In our Aboriginal culture, a child’s adoptive and birth families traditionally give each other quite a bit of space to bond and heal, especially in the first year. In our small fly-in community, though, there seemed to be no easy way to make that happen. I couldn’t go anywhere, not even the grocery store without strangers who obviously knew Carla and Eric coming up to coo and kiss Libby and talk about how much she looked like Carla. Once, when I was picking Ashlyn up from the daycare down the hill. I was swarmed by twenty grade 11 and 12 students, including Eric, who demanded that I let them hold “Carla’s baby” and even went so far as to take Libby’s car seat carrier out of my hands.
Alienation in a shrinking world
As the weeks went by, my beloved little community started to close in on me. Eric’s parents threatened that if we didn’t let them have Libby every weekend, they’d make sure the adoption paperwork was shredded (Eric’s mom worked at the courthouse). Even worse, Carla and Eric started to barrage us with drunken texts that threatened our safety, attacked our appearance and character, and reminded us in unthinkable language that Libby would never be our “real” child.
I felt like I couldn’t leave my home for fear that this child would somehow be taken from us, and developed intense anxiety and panic that would later be diagnosed as post-traumatic stress disorder (PTSD). How did our beautiful adoption story turn into this ugly mess?
Tom and I knew there was no way we could raise Libby if her birth family truly wanted her with them. We also knew we weren’t prepared to be part-time parents or to participate in some kind of confusing shared custody arrangement. We shared this with Carla, Eric, and their parents, only to be told, once again, “No. She’s yours.” But the threats, aggression, and unpredictability continued.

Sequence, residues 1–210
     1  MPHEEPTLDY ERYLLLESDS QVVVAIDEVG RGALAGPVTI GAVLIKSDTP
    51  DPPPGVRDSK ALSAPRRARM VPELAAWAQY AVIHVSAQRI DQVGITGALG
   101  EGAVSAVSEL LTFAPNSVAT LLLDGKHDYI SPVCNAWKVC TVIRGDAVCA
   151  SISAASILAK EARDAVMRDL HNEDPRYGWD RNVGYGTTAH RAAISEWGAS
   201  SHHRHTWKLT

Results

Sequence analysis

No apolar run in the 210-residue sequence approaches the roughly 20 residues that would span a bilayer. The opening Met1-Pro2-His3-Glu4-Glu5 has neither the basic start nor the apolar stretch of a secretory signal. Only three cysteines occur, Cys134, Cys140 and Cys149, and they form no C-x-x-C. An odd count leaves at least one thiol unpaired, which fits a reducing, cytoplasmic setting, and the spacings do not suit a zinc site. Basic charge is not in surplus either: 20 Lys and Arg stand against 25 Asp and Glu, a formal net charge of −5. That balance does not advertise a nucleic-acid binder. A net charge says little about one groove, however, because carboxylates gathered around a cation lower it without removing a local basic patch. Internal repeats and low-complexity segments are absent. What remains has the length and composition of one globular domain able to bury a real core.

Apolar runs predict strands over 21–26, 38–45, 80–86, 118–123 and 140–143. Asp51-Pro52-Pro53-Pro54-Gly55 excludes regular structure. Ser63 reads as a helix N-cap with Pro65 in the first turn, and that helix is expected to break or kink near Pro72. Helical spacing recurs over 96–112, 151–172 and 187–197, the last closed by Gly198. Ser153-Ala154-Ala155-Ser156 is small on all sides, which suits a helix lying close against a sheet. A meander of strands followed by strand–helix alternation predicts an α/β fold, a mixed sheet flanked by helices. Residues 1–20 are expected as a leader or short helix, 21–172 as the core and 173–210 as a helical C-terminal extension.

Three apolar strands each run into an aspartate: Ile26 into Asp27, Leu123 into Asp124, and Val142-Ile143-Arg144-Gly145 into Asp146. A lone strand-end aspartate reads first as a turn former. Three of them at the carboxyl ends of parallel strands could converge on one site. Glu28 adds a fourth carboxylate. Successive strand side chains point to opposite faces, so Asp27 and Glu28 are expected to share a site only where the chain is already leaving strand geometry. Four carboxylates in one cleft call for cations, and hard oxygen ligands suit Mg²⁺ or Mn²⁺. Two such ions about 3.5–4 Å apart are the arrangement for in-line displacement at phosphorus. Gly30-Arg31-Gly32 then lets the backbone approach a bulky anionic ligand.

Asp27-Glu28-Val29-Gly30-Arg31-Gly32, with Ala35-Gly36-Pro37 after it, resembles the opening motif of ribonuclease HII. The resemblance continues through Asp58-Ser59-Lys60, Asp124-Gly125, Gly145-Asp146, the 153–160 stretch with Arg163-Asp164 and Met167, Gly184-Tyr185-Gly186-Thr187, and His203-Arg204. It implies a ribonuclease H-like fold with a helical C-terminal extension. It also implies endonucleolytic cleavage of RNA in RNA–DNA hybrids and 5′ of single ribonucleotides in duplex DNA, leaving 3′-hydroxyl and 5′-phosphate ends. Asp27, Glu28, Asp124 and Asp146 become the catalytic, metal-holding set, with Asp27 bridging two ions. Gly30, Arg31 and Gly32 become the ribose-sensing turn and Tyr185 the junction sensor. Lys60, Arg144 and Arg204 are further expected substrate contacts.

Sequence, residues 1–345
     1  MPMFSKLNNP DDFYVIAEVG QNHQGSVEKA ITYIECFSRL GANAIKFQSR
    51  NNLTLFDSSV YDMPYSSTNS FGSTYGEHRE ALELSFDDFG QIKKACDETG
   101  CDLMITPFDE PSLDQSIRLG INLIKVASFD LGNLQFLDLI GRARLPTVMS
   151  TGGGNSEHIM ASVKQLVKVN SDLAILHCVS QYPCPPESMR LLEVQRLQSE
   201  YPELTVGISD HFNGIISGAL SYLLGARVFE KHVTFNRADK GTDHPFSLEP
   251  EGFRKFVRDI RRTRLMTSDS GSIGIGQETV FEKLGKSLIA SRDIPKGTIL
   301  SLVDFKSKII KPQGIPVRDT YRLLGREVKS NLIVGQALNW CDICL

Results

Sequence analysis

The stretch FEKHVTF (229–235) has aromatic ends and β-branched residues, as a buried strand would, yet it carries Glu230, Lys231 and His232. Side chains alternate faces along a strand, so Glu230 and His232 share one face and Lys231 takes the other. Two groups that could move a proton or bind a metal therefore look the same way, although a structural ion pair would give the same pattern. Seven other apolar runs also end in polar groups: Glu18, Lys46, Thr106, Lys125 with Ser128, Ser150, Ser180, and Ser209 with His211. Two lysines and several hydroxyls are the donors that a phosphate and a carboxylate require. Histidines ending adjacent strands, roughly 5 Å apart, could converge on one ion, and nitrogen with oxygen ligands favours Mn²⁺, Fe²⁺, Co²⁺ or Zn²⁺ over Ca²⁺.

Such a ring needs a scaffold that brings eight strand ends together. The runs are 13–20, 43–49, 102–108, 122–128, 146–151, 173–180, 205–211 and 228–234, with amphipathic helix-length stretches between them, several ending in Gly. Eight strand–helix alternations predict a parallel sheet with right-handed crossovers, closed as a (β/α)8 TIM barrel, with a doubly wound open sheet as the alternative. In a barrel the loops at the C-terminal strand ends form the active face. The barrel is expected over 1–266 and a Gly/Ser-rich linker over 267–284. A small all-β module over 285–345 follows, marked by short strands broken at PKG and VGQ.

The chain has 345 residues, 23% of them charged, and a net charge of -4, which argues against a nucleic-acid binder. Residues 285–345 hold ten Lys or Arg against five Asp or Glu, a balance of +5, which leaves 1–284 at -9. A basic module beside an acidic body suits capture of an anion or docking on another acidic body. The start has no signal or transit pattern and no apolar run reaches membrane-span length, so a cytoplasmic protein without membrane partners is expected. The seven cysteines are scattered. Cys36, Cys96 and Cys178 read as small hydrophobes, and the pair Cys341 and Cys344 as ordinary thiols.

We sought counsel from elders and from Carla’s family, who strongly advised us to enforce clear, firm boundaries: no texting, Facebook, or visits for at least the next two months. We followed their advice, but I felt horribly guilty. I saw beyond Carla’s threats and hurtful texts and knew she was a hurt and grieving young woman. I just couldn’t seem to find a way to help her. How could I possibly have helped Carla heal her heart when she didn’t understand it herself through the distorted lens of alcohol abuse?
Time passes, but grief remains
It’s now been four and a half years since Libby came into the world. She’s recently been diagnosed with FASD and extreme hyperactivity. I’m still reeling from PTSD. It’s been a wild ride of joy, pain, laughter, hope, grief and loss.
For the sake of our family’s safety and well-being, Tom and I made a painful choice: we moved with Ashlyn and Libby far away from our community. We found an adoption support group that has helped us in many ways, especially as we navigate the wilderness of Libby’s FASD diagnosis. I still ache for Libby to have a strong, healthy connection with Carla, but so far, that hasn’t been possible. I do continue to mail Libby’s photos, artwork, and updates to both her and Eric, and we stay in touch with Carla’s healthy and supportive family.
Ultimately, the question I keep coming back to is a simple one: How open is too open when it comes to adoption? How can we, as adoptive parents, hold space for the trauma of birth families while also bonding with our child? How can we set healthy boundaries around messy, unbounded matters of the heart and biology?
All I know is that throughout Libby’s birth and adoption story, there is beauty, complexity, and deep, raw love.
Do you have a question about openness? Need a friendly ear to listen and help navigate?